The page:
TITLE: STARSKY & HUTCH - SEASON 1 (MILL CREEK)
Release Date: March 4, 2014 (Mill Creek Entertainment)
Packaging: Amaray Case
Number of Discs: 4
Number of Episodes: 23
Running Time: 1172 minutes
Running Time of Features: N/A
Audio: English Mono
Subtitles and Captioning: Closed-Captioned
Special Features: None
It comes as no surprise to fans of classic TV that Aaron Spelling was one of the biggest producers of the 70s (and for that matter, the 80s and 90s). In the 70s, though, some of his greatest fame came in the form of police action dramas. Virtually all of his police dramas had some level of success, including Starsky & Hutch. Starsky & Hutch starred Paul Michael Glaser as David Starsky and David Soul as Ken "Hutch" Hutchinson, two undercover detectives who cruised the streets in a (now famous) red and white Ford Gran Torino. They are out to solve crimes, getting help from anybody they can, particularly their jive-talking informant Huggy Bear (Antonio Fargas). It was (and still is) one of TV's coolest busy cop shows, inspiring a big screen movie in 2004 starring Ben Stiller and Owen Wilson. Now, Mill Creek brings together all of the episodes of the first season in a re-release of the first season of the classic series.
The series begins with the original pilot movie, where Starsky and Hutch are the target of expert hit men. Suzanne Somers guest stars in "Savage Sunday," where senior citizens plant a car bomb to blow up city hall, but that isn't even the real crime in the episode. In "Texas Longhorn," the wife of a used-car tycoon is murdered, but vigilante justice could be on the way. The duo has to transport the daughter of a crime czar in "Death Ride," but it won't be easy. A million dollars’ worth of cocaine disappears after a narcotics bust, and Starsky and Hutch are believed to be the ones responsible in "Snowstorm."
Robert Loggia guest stars in "The Fix," where Hutch's latest romance ends with him becoming a heroin addict after he is abducted. Roz Kelly guest stars in "Death Notice," where the guys latest case has them working in a strip club. Starsky is cleared of wrongdoing after killing a homicidal teen in "Pariah," but other police officers are being murdered as a result of his actions. Huggy Bear's life is at risk in "Kill Huggy Bear." In "The Bait," Starsky and Hutch pose as heroin dealers in order to catch the guy at the top. The duo investigates the death of Starsky's ex-girlfriend in "Lady Blue."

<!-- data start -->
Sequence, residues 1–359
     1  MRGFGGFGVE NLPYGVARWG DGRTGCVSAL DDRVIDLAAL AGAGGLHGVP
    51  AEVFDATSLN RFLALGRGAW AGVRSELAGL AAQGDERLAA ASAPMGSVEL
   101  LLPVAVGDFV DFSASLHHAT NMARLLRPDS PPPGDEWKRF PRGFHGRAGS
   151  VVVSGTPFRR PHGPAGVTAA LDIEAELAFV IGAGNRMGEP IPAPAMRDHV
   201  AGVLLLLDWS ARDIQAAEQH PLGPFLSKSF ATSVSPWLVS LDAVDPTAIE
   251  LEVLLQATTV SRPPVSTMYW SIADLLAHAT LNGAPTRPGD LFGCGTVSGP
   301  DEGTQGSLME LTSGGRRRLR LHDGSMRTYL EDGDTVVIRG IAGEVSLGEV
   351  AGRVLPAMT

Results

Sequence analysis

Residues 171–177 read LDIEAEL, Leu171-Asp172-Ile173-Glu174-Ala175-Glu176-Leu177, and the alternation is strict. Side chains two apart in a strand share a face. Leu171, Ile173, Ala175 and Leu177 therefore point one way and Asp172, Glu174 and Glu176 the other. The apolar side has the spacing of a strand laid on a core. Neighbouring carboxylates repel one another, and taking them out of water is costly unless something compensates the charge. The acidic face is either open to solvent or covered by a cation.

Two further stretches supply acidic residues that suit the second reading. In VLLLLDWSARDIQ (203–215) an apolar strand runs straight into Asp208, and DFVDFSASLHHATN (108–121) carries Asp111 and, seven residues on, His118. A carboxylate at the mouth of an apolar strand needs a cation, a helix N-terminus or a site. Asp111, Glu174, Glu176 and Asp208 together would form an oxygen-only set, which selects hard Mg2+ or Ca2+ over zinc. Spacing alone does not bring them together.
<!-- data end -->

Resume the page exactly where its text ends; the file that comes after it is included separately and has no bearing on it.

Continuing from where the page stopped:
There's a contract on Captain Dobey and his family, and Starsky and Hutch need to intervene in "Captain Dobey...You're Dead." Hutch's "adopted kid sister" is set to marry a cop killer in "Terror on the Docks." A long-lost friend returns to town in "The Deadly Imposter," and needs help from the guys, except the help that he requests is to help him commit a murder. Norman Fell guest stars in "Shoot-Out," where Starsky and Hutch are attacked by gangland hit men. John Ritter and Kristy McNichol guest star in "The Hostages," where a young armored-car driver and his pregnant wife are close to being killed by a merciless gang. A counterfeiter’s scheme could result in murder in "Losing Streak."
A priest may be up to no good in "Silence." A triple murder leads Starsky and Hutch into the world of professional wrestling in "The Omaha Tiger." In "Jo-Jo," Starsky and Hutch mount a case against a rapist who was released early after becoming an informant. Jan Smithers guest stars in "Running," where an ex-model is the only survivor after an attack by a notorious killer, and she must stay alive to identify him. A lethal poison may kill Starsky in 24 hours if the antidote isn't found in "A Coffin for Starsky." The first season ends with "The Bounty Hunter," where Starsky and Hutch are in competition with a bail-bondsman and mercenary bounty hunter to find an escaped killer.
The episodes seem to be unedited, with runtimes as follows:
1. "Pilot" (1:11:45)
2. "Savage Sunday" (49:38)